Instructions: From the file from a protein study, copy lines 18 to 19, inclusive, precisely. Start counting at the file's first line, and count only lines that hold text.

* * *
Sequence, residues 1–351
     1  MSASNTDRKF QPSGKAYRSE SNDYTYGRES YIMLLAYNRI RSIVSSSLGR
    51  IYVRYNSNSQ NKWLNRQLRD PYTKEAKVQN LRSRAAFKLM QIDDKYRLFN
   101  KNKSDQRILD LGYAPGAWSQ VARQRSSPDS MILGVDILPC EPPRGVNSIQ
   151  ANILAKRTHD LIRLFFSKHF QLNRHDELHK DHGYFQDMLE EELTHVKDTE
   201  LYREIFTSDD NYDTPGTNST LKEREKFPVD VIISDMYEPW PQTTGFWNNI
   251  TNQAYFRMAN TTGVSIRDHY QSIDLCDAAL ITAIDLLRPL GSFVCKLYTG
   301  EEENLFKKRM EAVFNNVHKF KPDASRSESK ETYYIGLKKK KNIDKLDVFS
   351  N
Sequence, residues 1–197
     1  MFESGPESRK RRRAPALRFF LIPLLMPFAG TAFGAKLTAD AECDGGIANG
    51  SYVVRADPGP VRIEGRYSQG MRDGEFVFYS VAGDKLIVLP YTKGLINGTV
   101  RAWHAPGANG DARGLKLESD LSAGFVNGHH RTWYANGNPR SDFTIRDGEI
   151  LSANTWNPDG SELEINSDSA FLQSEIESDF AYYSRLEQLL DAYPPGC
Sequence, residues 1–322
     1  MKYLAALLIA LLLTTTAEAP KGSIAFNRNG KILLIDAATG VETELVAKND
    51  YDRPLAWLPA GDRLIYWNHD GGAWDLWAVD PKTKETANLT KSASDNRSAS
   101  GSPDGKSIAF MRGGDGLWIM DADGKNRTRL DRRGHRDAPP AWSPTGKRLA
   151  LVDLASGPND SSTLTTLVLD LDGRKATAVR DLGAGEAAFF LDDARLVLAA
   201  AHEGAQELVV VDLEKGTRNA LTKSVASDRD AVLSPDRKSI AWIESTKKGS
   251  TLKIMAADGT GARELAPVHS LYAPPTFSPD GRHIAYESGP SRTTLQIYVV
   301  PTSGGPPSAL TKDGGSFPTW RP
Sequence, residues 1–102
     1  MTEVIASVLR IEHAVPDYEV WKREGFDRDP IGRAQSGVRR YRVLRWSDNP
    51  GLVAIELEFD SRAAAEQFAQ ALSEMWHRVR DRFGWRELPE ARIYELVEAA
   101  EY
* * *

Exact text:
   101  GSPDGKSIAF MRGGDGLWIM DADGKNRTRL DRRGHRDAPP AWSPTGKRLA
   151  LVDLASGPND SSTLTTLVLD LDGRKATAVR DLGAGEAAFF LDDARLVLAA